Kingdoms of England II, Vikings: Fields of Conquest
for Amiga

Wandrell:Mr Creosote:Overall:
Company: Krisalis
Year: 1992
Genre: Strategy
Theme: Historical
Language: English
Licence: Commercial
Views: 14594
Review by Mr Creosote, Wandrell (2012-12-16)
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[Wandrell] Strategy is as old as tabletop games, but that doesn't mean it's a mastered genre. Creating something which is at the same time fun and strategically hard, and while it may seem that a conquest based game would be the simplest way to create one of these games, don't judge a book by its cover. There is more to strategy than moving armies around to fight enemy lords.

[Mr Creosote] Is there? The game we're discussing today, Vikings: Fields of Conquest, might make you believe there isn't. It's the basic scenario of warring lords trying to achieve dominion over medieval England which, to be honest, has been done to death in previous games.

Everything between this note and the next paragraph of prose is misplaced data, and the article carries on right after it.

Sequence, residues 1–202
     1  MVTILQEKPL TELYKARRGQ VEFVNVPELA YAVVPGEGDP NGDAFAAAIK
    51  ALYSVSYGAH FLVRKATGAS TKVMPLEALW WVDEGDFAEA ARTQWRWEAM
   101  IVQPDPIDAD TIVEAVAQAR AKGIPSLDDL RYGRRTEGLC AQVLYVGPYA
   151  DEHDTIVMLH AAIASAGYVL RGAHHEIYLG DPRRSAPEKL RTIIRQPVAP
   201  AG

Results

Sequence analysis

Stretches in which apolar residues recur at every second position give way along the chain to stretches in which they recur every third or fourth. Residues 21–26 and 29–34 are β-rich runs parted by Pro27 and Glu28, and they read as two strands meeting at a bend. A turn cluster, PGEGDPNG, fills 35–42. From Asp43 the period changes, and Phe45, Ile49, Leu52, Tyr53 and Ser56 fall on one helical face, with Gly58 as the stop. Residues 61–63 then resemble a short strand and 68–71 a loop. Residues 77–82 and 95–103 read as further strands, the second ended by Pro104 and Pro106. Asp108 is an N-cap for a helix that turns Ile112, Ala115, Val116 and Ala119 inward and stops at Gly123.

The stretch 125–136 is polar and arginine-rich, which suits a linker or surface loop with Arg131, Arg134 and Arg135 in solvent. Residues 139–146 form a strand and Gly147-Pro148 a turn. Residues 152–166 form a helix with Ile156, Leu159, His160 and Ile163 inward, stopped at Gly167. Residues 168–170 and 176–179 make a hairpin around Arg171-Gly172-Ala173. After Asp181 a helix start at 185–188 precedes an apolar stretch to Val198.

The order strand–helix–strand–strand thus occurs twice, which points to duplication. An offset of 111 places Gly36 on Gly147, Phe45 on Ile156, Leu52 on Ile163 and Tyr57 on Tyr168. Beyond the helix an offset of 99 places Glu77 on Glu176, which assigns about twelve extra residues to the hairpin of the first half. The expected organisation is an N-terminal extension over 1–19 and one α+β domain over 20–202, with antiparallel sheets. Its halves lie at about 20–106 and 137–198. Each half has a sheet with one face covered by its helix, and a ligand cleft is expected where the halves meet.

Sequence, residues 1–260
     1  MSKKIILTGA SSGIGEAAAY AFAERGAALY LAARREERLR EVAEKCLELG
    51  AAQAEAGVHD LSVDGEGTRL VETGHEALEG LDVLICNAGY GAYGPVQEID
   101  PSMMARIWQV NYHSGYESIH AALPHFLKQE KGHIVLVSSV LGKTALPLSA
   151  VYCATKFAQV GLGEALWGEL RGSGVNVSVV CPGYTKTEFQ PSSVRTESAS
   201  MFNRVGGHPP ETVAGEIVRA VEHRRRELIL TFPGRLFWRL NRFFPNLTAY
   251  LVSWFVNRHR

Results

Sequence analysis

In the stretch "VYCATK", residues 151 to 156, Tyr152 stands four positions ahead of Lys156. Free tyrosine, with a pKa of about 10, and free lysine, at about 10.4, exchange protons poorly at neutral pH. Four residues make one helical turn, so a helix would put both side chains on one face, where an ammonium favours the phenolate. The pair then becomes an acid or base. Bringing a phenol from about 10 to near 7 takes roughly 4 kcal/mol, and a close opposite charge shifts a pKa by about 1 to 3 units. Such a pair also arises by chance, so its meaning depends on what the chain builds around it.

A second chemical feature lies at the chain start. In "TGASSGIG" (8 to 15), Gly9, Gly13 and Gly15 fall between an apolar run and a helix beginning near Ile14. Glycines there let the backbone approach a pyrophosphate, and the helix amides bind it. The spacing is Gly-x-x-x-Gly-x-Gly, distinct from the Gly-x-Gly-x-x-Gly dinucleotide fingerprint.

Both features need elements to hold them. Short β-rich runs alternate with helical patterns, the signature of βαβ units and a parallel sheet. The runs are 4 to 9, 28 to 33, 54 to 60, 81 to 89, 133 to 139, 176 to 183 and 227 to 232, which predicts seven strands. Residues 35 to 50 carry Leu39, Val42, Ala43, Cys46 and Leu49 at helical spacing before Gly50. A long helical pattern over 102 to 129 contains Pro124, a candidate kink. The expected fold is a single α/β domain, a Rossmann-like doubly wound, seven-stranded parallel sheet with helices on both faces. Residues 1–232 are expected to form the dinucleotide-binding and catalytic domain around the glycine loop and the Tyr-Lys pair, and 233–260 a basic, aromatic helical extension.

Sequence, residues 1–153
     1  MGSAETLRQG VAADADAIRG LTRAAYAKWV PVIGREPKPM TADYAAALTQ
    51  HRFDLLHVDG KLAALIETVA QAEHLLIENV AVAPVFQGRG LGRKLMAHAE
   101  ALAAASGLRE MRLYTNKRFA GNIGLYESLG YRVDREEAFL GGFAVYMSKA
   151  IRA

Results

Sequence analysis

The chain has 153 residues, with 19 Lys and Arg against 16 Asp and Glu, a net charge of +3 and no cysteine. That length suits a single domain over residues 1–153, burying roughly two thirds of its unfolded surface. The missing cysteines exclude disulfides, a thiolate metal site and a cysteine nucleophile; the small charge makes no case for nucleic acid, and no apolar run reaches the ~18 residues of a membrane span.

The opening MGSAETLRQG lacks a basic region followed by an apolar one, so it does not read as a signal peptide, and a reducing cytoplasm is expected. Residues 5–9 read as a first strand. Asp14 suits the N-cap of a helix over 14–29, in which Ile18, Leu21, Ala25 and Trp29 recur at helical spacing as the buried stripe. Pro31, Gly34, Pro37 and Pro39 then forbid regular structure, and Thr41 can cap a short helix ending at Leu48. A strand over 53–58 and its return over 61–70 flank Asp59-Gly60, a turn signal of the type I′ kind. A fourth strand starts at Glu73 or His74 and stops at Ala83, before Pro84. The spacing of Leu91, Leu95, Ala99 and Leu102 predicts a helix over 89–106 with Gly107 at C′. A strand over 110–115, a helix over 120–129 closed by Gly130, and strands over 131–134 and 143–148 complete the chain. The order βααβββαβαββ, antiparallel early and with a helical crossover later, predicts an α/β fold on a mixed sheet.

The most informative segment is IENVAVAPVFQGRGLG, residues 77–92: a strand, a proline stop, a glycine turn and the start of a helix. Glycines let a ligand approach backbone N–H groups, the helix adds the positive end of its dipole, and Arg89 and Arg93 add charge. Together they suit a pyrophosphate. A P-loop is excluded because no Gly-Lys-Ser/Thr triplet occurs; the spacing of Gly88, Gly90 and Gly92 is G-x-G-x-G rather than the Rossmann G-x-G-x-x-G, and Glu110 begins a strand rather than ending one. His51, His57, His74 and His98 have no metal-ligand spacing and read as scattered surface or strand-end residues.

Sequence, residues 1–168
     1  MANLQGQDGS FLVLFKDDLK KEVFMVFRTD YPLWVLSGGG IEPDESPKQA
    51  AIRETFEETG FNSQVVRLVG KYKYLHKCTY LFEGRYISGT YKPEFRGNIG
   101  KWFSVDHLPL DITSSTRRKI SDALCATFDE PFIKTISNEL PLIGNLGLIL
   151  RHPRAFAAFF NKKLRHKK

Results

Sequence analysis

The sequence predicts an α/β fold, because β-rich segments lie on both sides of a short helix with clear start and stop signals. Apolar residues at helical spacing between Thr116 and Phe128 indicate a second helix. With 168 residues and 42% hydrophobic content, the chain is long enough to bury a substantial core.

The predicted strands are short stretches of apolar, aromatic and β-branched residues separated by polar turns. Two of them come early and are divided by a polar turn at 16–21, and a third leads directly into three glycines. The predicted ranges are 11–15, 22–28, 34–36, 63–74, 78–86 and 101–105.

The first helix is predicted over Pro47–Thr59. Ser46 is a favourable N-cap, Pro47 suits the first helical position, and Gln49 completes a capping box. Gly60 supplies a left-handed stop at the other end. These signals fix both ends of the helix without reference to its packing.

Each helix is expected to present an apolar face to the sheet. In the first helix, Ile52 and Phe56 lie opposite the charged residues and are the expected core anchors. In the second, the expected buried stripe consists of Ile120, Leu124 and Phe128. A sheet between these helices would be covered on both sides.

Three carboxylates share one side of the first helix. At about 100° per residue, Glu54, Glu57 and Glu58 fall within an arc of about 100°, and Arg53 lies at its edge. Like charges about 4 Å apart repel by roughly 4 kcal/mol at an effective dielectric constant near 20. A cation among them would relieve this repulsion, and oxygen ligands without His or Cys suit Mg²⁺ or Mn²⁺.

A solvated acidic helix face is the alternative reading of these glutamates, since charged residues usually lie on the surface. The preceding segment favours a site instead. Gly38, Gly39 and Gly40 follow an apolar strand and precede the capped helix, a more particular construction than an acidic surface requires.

A game designed for strategy?

[Wandrell] Well, I like to think the game added a bit more. It may be in a little bit, but still it forces you to choose which land to attack first, first due to the constant need of resources, second because not all regions are equally defended. Sadly, it fails in the second part due to the lack of any kind explorers or similar way to check you neighbours.

[Mr Creosote] So this game adds some rudimentary economy to the usual concept of just assembling your army and sending it out to beat your opponents to pulp. Alright, acknowledged. Nevertheless, we are talking about a map of almost 200 provinces, so resources are hardly scarce (which would have made this aspect much more interesting).